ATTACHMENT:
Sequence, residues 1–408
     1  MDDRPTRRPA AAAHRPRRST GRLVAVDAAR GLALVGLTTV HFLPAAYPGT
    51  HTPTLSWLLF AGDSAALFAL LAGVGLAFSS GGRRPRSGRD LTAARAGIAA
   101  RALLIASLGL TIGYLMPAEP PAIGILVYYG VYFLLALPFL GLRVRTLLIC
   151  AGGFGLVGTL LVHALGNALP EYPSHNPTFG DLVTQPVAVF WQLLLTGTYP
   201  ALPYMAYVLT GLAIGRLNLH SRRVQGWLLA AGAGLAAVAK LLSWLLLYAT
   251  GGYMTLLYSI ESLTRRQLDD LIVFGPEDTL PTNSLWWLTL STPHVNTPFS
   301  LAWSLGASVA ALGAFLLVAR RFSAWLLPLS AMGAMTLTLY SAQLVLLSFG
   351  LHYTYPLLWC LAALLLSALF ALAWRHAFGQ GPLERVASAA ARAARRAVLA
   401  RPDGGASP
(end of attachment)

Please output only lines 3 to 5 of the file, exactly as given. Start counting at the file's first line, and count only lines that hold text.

    51  HTPTLSWLLF AGDSAALFAL LAGVGLAFSS GGRRPRSGRD LTAARAGIAA
   101  RALLIASLGL TIGYLMPAEP PAIGILVYYG VYFLLALPFL GLRVRTLLIC
   151  AGGFGLVGTL LVHALGNALP EYPSHNPTFG DLVTQPVAVF WQLLLTGTYP